Working with the government, I get a lot of questions about social media. A friend of mine recently asked my opinion about using a Facebook page to spread their content on the web.
My advice: don’t do it. And by that I mean your Facebook page shouldn’t be the source of information about your company or product. You should definitely be on Facebook, and several other social networks at that, engaging or monitoring your audience, but your Web site should still be the home for your information.
Why? When you want information on a product or company, what do you do:
- Login to Facebook and run a search for the information you’re after?
- Go to Google and search for the information?
As far as I can tell, everyone checks Google first. Facebook isn’t a search engine. Sure you can search the site, but it only searches within Facebook.com, and you need a username and password to view much of the site’s content. You stymie the spread of information by requiring users to login to view it. Additionally, search engines can’t crawl information that requires a password to access, further decreasing the chance of this info being found.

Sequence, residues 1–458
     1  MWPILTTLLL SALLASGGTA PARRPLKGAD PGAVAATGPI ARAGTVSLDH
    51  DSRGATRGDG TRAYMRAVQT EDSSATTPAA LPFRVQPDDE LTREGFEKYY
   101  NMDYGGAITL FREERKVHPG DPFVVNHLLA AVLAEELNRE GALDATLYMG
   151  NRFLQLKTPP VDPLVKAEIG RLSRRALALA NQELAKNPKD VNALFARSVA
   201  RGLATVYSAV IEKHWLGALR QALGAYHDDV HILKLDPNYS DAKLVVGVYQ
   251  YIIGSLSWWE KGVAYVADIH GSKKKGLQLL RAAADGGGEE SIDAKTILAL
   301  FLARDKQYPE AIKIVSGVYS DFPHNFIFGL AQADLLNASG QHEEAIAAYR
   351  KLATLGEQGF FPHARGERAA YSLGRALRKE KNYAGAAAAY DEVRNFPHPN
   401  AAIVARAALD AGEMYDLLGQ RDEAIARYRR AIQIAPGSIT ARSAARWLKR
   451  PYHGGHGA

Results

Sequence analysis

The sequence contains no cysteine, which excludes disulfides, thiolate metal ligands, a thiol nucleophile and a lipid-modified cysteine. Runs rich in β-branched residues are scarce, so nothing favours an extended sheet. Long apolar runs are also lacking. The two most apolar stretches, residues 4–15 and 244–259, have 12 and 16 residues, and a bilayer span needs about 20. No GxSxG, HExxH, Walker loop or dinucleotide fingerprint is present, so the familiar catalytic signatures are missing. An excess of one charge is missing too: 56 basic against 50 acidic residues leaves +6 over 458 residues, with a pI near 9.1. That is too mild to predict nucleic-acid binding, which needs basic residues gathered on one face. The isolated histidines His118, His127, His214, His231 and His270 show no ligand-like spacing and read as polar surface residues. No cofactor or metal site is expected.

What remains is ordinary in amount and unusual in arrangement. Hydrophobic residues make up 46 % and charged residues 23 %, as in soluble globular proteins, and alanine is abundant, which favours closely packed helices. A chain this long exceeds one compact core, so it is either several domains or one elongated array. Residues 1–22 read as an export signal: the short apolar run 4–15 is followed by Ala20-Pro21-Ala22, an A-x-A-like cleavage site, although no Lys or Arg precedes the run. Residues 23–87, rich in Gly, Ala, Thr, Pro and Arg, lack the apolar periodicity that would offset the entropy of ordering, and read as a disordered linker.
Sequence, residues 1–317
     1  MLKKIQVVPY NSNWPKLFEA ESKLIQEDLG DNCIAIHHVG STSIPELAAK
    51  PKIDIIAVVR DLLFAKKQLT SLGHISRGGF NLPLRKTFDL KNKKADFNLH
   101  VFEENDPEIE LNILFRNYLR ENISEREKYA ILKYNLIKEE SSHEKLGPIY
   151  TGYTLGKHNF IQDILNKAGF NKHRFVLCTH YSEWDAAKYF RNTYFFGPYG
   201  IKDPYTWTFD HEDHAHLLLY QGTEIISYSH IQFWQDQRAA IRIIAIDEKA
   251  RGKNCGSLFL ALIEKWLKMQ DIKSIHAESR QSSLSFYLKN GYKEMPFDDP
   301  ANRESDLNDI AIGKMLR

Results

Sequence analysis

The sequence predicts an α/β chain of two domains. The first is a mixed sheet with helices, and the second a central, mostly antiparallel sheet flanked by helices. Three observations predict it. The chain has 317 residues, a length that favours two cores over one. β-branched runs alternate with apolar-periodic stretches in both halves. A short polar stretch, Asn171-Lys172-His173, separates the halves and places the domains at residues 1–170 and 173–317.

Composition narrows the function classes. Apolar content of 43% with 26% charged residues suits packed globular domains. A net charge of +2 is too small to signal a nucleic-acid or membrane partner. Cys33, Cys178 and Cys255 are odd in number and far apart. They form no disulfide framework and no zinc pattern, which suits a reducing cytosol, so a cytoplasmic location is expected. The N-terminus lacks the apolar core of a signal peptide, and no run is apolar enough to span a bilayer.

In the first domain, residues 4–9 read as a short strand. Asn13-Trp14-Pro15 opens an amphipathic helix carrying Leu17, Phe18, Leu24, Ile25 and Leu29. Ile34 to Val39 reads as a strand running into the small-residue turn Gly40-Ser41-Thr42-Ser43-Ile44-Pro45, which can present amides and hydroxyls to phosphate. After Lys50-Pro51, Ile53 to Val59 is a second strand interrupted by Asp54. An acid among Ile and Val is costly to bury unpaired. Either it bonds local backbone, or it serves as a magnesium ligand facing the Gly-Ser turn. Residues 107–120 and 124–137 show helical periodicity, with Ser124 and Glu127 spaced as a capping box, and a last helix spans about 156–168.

However, your spokesperson should join. People, journalists in particular, don’t turn to Facebook for news or information about a company, but they do hit up social networks to learn more about individuals. So if you list yourself on a press release, you can guarantee that someone is trying to find you on Facebook, MySpace or LinkedIn. This isn’t necessarily a bad thing. Just be sure to put your best digital foot forward, because all your quotes and pictures will likely end up in print.
Your social network profile can further your message and provide people with additional information. Your profile could explain your company’s mission or present your credentials. Not thinking before you post could hurt brand. Case study: Bristol Palin’s Facebook account, or her baby daddy’s MySpace page. Unfortunately for the Sarah Palin, her kids ran amuck on the Internet hurting what should have been her mantronly appeal with America. Apparently no one in her camp thought to check social networks for Palin’s teenage children. Seeing that more than 33% of teens have sent naked pictures to other people, this should have definitely been investigated before she was announced as a candidate. Lord knows that the rest of the Internet was going to leave no .gif file unviewed.
In summary, social networks are used to search for individuals, but Google is still used to find information. Leverage social networks for things other than news dissemination.